When I look at evaluation in the nonprofit sector, the same thought keeps coming to mind, “Why aren’t more people asking for outside help?” There is a lot of data being collected out there that ranges from being certifiably bad to somewhere in the area of “OK”. Good data collection by nonprofits seems to be on the rarer side. What strikes me, though, is that when I look at the issues that are the source of the bad data (e.g. poorly written surveys, mis-specified outcomes, outcomes that are incorrectly measured, etc), I see problems that could quickly and easily by fixed by a skilled mind. It doesn’t have to be this way! Or so I often like to shout at the world from inside my head.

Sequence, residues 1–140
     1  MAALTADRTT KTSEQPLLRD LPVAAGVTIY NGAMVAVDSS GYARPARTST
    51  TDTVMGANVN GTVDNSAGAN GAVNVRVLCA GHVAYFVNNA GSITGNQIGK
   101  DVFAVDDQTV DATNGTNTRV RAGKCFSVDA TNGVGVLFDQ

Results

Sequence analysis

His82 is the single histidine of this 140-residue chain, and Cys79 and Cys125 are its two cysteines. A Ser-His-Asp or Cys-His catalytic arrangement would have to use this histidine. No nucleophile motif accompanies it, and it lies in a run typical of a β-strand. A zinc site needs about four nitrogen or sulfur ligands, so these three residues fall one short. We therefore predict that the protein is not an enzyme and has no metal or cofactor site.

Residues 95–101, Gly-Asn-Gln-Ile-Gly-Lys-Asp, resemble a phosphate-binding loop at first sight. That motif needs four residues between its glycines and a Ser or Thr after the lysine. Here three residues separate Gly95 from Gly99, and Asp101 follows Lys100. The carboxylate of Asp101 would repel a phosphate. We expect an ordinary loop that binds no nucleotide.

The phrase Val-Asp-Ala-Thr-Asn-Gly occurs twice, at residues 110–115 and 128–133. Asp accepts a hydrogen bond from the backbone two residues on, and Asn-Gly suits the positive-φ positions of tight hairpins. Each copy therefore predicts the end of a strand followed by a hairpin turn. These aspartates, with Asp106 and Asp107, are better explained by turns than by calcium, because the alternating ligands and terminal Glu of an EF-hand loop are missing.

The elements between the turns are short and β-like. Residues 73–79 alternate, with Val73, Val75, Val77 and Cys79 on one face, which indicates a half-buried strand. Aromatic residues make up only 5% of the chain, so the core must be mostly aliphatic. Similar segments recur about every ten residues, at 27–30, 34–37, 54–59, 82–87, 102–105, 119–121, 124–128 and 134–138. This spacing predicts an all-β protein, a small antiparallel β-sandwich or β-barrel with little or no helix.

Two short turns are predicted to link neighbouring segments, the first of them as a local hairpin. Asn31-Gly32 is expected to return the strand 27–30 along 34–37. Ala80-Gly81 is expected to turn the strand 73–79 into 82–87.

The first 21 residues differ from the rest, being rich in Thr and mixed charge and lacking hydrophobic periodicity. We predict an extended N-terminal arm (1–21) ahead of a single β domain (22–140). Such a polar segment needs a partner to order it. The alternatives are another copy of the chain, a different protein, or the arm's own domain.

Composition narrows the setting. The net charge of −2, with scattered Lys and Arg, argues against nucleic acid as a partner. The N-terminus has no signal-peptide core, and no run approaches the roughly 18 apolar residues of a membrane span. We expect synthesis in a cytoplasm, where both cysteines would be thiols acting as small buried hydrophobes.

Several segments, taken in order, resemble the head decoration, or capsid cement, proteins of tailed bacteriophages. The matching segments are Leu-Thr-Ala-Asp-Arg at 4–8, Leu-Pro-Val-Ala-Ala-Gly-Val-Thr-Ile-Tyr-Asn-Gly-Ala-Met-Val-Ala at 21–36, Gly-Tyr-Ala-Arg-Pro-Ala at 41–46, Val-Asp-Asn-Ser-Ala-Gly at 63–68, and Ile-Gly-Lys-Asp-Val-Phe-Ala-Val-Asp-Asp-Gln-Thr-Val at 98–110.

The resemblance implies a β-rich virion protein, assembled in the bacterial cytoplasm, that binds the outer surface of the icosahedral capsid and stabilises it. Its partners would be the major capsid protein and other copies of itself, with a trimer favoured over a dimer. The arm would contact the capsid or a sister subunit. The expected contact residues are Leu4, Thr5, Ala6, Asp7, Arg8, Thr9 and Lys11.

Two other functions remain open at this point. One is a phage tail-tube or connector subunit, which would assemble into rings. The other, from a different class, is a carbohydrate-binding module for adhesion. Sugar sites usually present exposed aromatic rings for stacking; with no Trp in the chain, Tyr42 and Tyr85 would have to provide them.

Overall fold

The question I have to ask, though, is, “Does it have to be this way? Is this really the best we can do?” My feeling is that we can do better; however, this raises another question, “Is ‘better’ worth it?” I will be exploring these questions over a series of posts, bringing in some of my personal experience, a touch of educated conjecture, and outside research. The end goal is to paint a picture of what is possible, why we might consider doing it, what it would take to get there, and whether it would be worth it.